Food for Thought: The Joy of Cooking Shows

In another life, I’d like to be Jeffrey, the husband of Ina Garten. His only job, it appears, is to turn up for lunch, raise a glass to his Barefoot Contessa, then tuck into her perfect roast chicken followed by a slice of lemon ricotta torte. If Jeffrey has other duties, I’d rather not know about them. 

After a serene hour, during which she manifests dinner, Ina often welcomes “friends” to her table. And  Stanley Tucci or Laura Linney happen to turn up, who can blame them? In turbulent times, Ina’s unhurried presence is as soothing as her voice. 

I’ve made a few of her recipes, zested lemon peel into Ina’s impeccable Green Beans Gremolata. But with her show, like others,  the pleasure lies in watching. I’ve become a culinary voyeur. 

Illustration by James Albon

Spare me the competitions. The mad dash to create a dish from a mystery basket filled with dandelion greens, maple syrup, chicken livers, and rhubarb sounds as stressful as an outbreak of poison ivy. Instead, I’m fascinated by the evidence-based approach of Cook’s Illustrated’s Christopher Kimball, who tempers chocolate ganache—the correct way—before drizzling it over a flourless cake and topping with chopped hazelnuts, never pistachios. The test kitchen has confirmed this.  

Psychologists might call this “numbing.” I call it “aspirational research.” Cook’s Illustrated’s authority offers the promise of sidestepping all errors. If I decide, someday, to fry the chicken or roll out the pie crust, the trial-and-error part is done. 

“They’re such an escape,” says Kate Stephenson, the personal chef behind Kate Uncorked in Richmond. “Everything is already chopped or measured in its own separate bowl, it’s all right in front of you.” Stephenson loves Ina, but she’s also a fan of Girl Meets Farm host Molly Yeh: “She’s just adorable.”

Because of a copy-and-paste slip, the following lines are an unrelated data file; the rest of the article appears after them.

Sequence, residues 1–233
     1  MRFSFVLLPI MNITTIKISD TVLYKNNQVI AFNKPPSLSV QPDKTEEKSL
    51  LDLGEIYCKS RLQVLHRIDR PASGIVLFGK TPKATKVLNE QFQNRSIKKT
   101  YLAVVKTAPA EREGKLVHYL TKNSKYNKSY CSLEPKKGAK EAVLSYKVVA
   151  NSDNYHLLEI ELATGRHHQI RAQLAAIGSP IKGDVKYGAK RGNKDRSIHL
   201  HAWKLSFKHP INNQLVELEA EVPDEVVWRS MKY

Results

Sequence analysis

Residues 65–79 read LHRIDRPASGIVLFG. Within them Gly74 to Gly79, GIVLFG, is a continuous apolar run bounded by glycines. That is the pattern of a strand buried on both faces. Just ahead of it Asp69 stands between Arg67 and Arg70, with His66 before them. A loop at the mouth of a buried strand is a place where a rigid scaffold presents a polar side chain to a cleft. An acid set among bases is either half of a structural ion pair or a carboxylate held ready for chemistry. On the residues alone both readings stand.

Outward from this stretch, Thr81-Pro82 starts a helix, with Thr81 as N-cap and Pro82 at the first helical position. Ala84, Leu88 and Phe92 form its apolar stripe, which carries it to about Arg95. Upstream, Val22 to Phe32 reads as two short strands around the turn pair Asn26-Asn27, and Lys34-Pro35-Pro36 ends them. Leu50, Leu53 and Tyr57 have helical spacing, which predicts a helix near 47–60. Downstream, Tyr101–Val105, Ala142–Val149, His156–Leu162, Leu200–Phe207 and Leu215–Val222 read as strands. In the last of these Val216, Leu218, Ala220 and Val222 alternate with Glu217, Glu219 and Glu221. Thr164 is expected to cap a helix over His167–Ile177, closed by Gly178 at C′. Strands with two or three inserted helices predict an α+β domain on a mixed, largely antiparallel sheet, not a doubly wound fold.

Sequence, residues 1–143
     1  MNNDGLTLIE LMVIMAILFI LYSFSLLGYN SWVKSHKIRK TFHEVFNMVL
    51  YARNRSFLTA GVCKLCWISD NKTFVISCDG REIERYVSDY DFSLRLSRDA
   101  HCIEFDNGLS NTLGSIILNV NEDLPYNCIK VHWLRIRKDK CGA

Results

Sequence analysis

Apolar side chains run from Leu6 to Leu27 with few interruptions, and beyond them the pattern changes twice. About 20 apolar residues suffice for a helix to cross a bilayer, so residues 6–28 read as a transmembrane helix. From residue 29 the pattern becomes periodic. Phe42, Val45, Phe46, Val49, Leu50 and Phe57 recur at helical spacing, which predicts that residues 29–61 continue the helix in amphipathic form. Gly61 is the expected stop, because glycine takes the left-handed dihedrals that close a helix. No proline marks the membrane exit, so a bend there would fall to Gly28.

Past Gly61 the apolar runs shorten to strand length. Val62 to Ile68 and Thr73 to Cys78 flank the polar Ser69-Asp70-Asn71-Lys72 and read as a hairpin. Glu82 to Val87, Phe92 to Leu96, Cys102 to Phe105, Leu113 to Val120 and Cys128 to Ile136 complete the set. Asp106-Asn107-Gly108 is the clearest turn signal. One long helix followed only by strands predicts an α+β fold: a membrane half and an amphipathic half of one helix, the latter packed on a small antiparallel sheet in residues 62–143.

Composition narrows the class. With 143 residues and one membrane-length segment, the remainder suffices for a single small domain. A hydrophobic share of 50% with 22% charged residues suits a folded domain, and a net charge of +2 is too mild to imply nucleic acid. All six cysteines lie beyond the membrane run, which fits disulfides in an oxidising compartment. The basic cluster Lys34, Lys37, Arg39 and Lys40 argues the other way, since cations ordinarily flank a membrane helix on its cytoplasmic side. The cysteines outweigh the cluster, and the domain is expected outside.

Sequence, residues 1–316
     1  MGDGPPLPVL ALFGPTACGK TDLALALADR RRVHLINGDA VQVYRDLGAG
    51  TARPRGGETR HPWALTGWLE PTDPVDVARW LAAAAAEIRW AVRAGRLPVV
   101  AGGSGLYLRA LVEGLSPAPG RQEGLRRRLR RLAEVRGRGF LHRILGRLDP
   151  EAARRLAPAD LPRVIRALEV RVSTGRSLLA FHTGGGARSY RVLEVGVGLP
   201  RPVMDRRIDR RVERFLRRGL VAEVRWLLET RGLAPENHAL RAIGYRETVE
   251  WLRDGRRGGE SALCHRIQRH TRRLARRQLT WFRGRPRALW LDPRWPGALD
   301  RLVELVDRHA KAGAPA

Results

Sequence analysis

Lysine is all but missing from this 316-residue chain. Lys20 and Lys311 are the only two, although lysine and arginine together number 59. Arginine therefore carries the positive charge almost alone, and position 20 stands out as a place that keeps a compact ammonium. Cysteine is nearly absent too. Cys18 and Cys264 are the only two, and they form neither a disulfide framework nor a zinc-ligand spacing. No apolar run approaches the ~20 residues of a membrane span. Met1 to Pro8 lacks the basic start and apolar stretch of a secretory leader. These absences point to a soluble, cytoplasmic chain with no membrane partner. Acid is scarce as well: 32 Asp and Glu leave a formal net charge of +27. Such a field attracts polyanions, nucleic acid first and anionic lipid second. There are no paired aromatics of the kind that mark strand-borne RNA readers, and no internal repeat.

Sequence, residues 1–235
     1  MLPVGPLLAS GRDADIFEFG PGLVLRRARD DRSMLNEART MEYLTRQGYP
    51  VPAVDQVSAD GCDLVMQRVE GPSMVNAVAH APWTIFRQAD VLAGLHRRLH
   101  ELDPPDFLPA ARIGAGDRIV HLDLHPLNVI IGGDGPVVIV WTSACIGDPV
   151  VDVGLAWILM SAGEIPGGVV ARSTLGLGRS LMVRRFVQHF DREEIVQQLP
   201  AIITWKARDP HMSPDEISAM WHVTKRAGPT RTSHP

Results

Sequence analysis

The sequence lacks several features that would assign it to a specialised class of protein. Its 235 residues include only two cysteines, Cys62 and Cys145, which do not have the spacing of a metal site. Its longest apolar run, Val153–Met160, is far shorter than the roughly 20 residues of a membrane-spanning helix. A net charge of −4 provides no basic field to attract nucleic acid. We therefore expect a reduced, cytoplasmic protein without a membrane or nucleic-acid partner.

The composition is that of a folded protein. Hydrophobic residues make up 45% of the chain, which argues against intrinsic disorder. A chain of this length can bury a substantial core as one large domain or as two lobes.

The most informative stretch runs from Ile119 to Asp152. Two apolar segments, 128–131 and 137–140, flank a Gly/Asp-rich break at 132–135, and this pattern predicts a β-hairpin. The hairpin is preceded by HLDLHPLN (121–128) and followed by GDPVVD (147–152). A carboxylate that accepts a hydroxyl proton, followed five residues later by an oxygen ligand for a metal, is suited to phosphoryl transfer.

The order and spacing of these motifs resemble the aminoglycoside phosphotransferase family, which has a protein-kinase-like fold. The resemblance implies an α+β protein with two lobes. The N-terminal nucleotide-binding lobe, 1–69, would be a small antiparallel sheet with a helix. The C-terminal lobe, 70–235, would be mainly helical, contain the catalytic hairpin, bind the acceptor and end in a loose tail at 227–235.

Stephenson, who trained at Ballymaloe Cookery School in Ireland’s County Cork, knows the score: “The reality of cooking,” she notes, “is that it’s 80 percent prep and cleaning and 20 percent actual cooking.” Who can resist, then, the fantasy of cooking without cleanup? 

You won’t catch these hosts multitasking, either. PBS chef Lidia Bastianich is impervious to intrusions from the outside world. When Kardea Brown, host of the Food Network’s “Delicious Miss Brown,” whips up her Bayou shrimp and grits, there are no dogs to walk or telemarketers calling. Unlike me, Edward Delling-Williams, the British chef who hosts Paris Bistro Cooking, has never paused, mid-recipe, to run an afternoon carpool. The hosts’ singular focus on cooking is meditative. And that’s the appeal. 

Those who love Julia Child know that chaos often broke out behind the scenes on her cooking shows. But even those mishaps are gently folded into The Great British Bake Off, like stiff whipped egg whites into cake batter. The judges will dip their forks into the wreckage of an Eiffel Tower cake, perfect until it wobbled, and proclaim that the crumb is “quite moist” and the depth of flavor, “lovely.” They’ll turn to each other, sussing out the cardamom, and shrug. “Pity then,” it fell over. The crestfallen baker nods bravely, then smiles. Life goes on, these runner-ups remind us, even when things don’t go as planned. 

Careers have been inspired by cooking shows. “There’s no shame in admitting it,” the venerated Escoffier School of Culinary Arts notes breathlessly on its website, “lots of expert culinarians first fell in love with cooking by watching it on television!” It’s possible, even, that some viewers actually cook whatever Ina or Kardea are making. 

But like the rest of us, I’m content to watch. I might make Brown’s Low Country Spatchcocked Chicken, someday. Or, I might not. But as long as Ina and Jeffrey are sitting down to lunch, I know that all is right with the world.  

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